This morning the wires refused to work, being cut, no doubt, in Hanover County.
The presence of the enemy in this vicinity, I think, since they refuse to fight, is designed to prevent us from sending more troops into Pennsylvania. I trust the President will think of this matter, if he is well enough; some of his generals here are incapable of thinking at all.
We have just received intelligence of a great battle at Gettysburg, Pennsylvania. I have not heard the day; but the news was brought by flag of truce boat to City Point last night. The Yankee papers, I am told, claim a victory, but acknowledge a loss of five or six generals, among them Meade, commander-in-chief (vice Hooker), mortally wounded. But we still held the town, and "actions speak louder than words."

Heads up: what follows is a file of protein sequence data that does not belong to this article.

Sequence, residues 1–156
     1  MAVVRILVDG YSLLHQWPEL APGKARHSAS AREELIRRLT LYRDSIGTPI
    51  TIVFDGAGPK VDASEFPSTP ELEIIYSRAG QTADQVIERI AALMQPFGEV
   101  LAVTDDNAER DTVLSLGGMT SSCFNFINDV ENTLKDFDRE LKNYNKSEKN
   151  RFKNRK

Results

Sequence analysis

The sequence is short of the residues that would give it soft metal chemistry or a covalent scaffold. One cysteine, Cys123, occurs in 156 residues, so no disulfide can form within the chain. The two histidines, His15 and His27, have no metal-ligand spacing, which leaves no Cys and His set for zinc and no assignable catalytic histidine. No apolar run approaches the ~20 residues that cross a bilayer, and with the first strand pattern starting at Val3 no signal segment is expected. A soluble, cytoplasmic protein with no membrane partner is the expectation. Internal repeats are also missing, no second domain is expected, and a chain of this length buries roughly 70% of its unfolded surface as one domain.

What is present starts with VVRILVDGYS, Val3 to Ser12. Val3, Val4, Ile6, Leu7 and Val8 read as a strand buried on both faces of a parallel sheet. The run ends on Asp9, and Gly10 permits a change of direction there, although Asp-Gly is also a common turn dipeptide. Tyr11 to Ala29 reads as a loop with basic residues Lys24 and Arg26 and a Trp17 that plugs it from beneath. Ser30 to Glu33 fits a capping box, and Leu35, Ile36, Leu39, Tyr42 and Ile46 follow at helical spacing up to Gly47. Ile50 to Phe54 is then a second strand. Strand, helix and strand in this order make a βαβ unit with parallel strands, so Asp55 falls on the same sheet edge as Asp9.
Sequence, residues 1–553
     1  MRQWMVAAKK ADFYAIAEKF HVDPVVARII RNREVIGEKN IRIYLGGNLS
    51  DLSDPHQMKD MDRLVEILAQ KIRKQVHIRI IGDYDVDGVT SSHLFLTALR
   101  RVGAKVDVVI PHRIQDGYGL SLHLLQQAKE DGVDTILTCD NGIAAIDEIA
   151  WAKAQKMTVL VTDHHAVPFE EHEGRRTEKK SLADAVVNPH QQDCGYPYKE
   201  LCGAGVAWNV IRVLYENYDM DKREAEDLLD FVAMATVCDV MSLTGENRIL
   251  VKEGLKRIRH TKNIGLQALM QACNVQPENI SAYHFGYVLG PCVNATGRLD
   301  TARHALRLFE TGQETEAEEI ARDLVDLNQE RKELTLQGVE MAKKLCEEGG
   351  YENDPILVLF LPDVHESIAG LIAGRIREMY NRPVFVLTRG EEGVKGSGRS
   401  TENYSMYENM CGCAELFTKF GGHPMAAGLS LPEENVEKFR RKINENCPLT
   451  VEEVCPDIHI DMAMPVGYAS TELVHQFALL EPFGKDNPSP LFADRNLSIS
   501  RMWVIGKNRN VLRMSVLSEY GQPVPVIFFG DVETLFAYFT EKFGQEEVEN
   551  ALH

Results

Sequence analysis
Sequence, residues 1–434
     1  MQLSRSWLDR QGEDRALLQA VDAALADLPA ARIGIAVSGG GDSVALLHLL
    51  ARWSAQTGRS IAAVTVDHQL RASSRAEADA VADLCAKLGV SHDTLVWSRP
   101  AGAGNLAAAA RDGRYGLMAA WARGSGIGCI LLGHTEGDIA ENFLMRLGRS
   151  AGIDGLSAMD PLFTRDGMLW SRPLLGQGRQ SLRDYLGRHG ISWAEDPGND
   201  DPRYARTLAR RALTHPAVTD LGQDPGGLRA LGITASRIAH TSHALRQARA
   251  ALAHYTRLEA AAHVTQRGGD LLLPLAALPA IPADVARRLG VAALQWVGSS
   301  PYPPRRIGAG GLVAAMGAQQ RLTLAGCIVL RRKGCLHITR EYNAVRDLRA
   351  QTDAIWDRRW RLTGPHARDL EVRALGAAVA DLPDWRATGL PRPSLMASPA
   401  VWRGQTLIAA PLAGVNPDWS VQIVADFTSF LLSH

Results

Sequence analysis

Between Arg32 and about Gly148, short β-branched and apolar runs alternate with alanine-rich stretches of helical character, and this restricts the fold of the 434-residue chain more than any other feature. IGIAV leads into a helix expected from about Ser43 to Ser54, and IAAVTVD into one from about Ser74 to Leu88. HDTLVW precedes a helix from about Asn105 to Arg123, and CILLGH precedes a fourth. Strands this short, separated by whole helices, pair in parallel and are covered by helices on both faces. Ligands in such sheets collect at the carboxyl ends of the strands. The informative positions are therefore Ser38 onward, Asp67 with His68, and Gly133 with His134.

More troops are marching up into Hanover County.
SOURCE: John Beauchamp Jones, A Rebel War Clerk's Diary at the Confederate States Capital, Volume 1, p. 369-70